The relations of academic procrastination with perceived social loafing and conscientiousness among undergraduate study-group partners were examined. Using 70 dyads (140 students: 87 women, 53 men), we found that when conscientiousness scores were controlled statistically from self-report data, partial correlates indicated that academic procrastination was not significantly related to perceived social loafing. Results suggested that conscientiousness may be an underlying source trait for both procrastination and social loafing. This is of interest in terms of personality theory as well as the psychological processes that these measures may reflect, particularly how duty and self-discipline may affect the intention-action gap that undermines everyday voluntary action.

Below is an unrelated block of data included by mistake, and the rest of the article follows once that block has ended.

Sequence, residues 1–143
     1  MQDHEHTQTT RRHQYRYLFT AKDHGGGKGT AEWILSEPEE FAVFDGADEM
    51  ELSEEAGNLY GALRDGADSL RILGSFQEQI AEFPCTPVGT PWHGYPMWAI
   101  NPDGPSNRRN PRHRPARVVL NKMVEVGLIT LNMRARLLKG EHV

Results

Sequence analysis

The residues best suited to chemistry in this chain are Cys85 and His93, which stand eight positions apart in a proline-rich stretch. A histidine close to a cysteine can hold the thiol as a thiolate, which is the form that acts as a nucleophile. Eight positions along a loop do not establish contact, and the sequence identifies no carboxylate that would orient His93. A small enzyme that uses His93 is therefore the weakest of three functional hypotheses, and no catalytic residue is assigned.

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Journal North American Journal of Psychology
Ferrari, J.R. (Joseph R.), & Pychyl, T.A. (2012). "If i wait, my partner will do it:" The role of conscientiousness as a mediator in the relation of academic procrastination and perceived social loafing. North American Journal of Psychology, 14(1), 13–24.